Once Upon A time:
A pleasant beverage.

Here and Now:
All teas, green, black and red (not herbal teas) contain a range of beneficial chemicals that may reduce the risk of many cancers and that act as antioxidants. Drinking tea regularly may protect arteries from plaque build-up. Tea does not, as was once believed, promote bone loss.

Butter or Margarine

Old News:
Once touted over butter, margarine is made from vegetable oil and thus has no cholesterol and much less saturated fat than butter. Then it turned out that margarine, because the oil is hydrogenated, contains trans fats, which are as bad for your heart as the saturated at in butter.

Newer News:
Some new margarines contain no trans fats. if you can find it, canola oil margarine is a good choice. Or try liquid, tub or "diet" margarines, which have less trans fat. To reduce your blood cholesterol levels try the new margarines, such as Benecol or Take Control, which contains cholesterol-lowering ingredient. If you use only small amounts of butter and margarine and follow a heart-healthy diet, it doesn't really matter whether you choose margarine or butter.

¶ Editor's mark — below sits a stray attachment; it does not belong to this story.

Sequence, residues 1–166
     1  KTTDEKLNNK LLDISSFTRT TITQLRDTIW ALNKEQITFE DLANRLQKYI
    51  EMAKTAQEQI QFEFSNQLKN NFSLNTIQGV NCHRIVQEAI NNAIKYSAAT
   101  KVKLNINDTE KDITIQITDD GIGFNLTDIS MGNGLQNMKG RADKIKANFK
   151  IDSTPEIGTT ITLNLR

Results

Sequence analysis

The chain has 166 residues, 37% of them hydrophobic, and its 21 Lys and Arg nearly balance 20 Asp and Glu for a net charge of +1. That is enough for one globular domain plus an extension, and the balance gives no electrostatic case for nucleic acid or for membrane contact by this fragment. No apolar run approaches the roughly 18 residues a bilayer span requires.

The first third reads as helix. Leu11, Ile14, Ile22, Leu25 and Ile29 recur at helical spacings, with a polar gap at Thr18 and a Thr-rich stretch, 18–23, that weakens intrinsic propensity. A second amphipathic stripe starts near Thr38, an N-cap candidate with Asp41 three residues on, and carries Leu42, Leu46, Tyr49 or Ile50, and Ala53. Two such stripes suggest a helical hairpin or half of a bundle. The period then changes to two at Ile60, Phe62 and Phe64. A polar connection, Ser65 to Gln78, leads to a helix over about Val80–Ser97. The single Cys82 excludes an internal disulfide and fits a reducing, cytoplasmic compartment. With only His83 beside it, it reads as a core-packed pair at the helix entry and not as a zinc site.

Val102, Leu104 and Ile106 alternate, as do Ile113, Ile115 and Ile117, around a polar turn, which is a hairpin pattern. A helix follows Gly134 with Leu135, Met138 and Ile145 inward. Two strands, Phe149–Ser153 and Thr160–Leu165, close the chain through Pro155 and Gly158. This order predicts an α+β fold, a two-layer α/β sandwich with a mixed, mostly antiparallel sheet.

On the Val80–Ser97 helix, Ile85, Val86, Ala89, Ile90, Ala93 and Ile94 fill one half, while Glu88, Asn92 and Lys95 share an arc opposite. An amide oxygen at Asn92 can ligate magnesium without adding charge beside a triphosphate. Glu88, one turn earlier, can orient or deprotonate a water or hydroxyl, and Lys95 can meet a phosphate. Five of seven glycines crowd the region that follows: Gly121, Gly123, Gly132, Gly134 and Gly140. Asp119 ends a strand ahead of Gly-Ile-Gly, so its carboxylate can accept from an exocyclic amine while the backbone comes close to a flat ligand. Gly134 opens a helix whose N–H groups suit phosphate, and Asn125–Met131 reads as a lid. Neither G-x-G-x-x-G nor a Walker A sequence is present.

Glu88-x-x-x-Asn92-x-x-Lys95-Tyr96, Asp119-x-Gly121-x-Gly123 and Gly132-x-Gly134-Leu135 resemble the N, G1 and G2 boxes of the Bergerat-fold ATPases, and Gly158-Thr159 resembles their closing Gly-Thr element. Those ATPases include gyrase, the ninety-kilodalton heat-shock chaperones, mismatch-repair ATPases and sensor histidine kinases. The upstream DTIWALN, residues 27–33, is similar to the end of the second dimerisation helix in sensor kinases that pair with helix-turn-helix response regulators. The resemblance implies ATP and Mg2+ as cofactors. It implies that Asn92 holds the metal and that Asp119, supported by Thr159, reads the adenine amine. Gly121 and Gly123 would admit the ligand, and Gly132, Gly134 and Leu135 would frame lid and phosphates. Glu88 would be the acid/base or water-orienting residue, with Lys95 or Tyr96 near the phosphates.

Salt: A Salty salute!

Old News:
The more salt you eat, the greater your chances of developing high blood pressure.

Latest Flash:
High sodium intake may not lead to high blood pressure unless you are sodium sensitive. Since it is impossible to know in advance who is sodium sensitive, it makes sense to limit consumption of salt to less than 2,400 milligrams of sodium a day – a little more than a single teaspoon of table salt. This means avoiding highly salted processed food such as chips, crackers and most canned soups. It is also a fact that high sodium intake may reduce bone density.